So, here are the vets who’ve been in the league for 10 years or longer. The players who have already been released or waived, or who are otherwise unlikely to make signification contributions to a team this year, have been crossed off:
- Seimone Augustus, Lynx, 12 years
- Alana Beard, Sparks, 12 years
- Sue Bird, Storm, 15 years
- Rebekkah Brunson, Lynx, 14 years
- Essence Carson, Sparks, 10 years
- Monique Currie, Mystics, 12 years
- Candice Dupree, Fever, 12 years
- Sylvia Fowles, Lynx, 10 years
- Camille Little, Mercury, 11 years
- Sancho Lyttle, Mercury, 13 years
Crystal Langhorne, Storm, 10 years
- Candace Parker, Sparks, 10 years
Cappie Pondexter, Sparks, 12 years Noelle Quinn, Storm, 11 years
- Diana Taurasi, Mercury, 13 years
- Lindsay Whalen, Lynx, 14 years
- Tanisha Wright, Lynx, 12 years
- Tamera Young, Aces, 10 years
That still leaves a lot of vets! And vets occupy roster spots, sometimes past their expiry dates, preventing newbies from the chance at WNBA stardom. So, to develop the league, it will be important for a league expansion to happen, to reverse the current scenario of very good players being being released or waived. From the list above, here are the five vets most likely to retire after the season and the five who are most likely to play another few years.
MOST LIKELY TO RETIRE AFTER THE SEASON
Father Time defeats everyone.
- Seimone Augustus & Rebekkah Brunson. Both players have been going hard for years and have championship hardware to show for their labor. But these players are on the decline, unable to produce like they used to. If not retirement, Augustus and Brunson are headed for limited minutes off the bench.
- Candice Dupree. The WNBA champ (with the 2014 Phoenix Mercury) is on an upstart, yet very good Indiana Fever team that has managed to win just one game this season. With postseason possibilities being a few years away, it is hard to see why Dupree would stay with a team that will not produce another championship. Factoring in that her wife, DeWanna Bonner, still plays for the Mercury and lives in Phoenix with the couple’s twin daughters while Dupree lives in Indianapolis away, it shouldn’t come as a surprise if she chose to retire to be closer to her family. A best-case scenario for Dupree would be to secure a job with the Mercury post-retirement (as Penny Taylor did).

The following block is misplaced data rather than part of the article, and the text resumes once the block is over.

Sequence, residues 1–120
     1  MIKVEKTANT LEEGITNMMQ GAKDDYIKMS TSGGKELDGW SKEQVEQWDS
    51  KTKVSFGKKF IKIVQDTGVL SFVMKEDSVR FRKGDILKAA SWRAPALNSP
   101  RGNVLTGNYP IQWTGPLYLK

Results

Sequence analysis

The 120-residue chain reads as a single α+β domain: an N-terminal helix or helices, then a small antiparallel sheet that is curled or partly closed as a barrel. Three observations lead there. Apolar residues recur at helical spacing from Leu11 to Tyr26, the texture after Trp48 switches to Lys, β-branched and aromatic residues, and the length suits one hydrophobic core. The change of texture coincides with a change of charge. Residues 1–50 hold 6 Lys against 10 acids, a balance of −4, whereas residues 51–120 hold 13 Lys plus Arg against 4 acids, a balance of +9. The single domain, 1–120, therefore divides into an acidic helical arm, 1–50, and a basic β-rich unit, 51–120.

- Sancho Lyttle. The Queen of the Intangibles showed early in the season that she had found a way to make strong, starting lineup contributions, despite diminishing hops. Her play-making abilities and relentless defensive efforts are a big reason the Mercury are in first place in the standings. So, if Lyttle (age 35, with 13 years of WNBA and international hoops mileage on her body) is expected to miss significant time because of the knee injury she suffered in last night’s game against the Mystics, it very well could spell the end of her career.
- Lindsay Whalen. The Lynx have found a rhythm and put together some wins. But Whalen has struggled all season, with the exception of just a few games. Only she knows if coaching the Gophers full-time, while actively playing in the WNBA, is too much to juggle. But taking the head coaching position is a sign that she is planning for her off-court future and, at age 36 with 12 years of WNBA wear and tear on her body, she may be ready to leave her playing days behind.
MOST LIKELY TO PLAY THROUGH THE 2020 SEASON
So far, Father Time seems to have left these players alone.
- Sue Bird
- Sylvia Fowles
- Candace Parker
- Diana Taurasi
- Tamera Young